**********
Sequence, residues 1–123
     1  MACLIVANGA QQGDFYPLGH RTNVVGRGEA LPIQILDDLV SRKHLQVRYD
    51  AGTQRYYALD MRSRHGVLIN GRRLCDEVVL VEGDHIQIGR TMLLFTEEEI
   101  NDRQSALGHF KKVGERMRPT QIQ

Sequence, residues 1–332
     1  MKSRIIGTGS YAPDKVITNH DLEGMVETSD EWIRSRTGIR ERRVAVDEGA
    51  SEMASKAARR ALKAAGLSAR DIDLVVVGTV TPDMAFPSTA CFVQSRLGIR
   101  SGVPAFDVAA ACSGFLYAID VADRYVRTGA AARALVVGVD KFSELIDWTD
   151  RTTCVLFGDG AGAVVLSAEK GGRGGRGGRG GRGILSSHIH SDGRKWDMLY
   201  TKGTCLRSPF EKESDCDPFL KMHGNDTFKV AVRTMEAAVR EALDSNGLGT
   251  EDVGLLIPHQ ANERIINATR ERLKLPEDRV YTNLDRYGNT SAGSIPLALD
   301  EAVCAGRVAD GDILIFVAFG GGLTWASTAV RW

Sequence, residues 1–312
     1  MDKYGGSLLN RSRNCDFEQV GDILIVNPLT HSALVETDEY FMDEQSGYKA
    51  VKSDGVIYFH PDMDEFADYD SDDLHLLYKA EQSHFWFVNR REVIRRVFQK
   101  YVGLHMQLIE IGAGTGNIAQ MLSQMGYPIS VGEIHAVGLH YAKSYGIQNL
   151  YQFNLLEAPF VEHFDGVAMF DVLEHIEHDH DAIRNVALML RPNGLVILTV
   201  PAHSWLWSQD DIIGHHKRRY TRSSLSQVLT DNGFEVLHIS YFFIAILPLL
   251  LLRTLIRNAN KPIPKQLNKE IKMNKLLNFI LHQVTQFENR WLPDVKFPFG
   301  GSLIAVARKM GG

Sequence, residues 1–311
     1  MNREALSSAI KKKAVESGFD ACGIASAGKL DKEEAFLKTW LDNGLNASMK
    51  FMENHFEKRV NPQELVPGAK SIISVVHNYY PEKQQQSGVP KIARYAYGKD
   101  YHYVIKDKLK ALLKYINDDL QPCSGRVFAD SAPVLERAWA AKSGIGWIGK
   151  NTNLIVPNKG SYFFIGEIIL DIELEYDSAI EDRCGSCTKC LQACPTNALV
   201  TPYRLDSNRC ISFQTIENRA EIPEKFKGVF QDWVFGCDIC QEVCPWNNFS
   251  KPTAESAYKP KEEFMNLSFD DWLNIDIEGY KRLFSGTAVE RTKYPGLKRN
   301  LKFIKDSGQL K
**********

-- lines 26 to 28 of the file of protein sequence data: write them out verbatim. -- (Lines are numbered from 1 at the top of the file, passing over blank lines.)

   201  TPYRLDSNRC ISFQTIENRA EIPEKFKGVF QDWVFGCDIC QEVCPWNNFS
   251  KPTAESAYKP KEEFMNLSFD DWLNIDIEGY KRLFSGTAVE RTKYPGLKRN
   301  LKFIKDSGQL K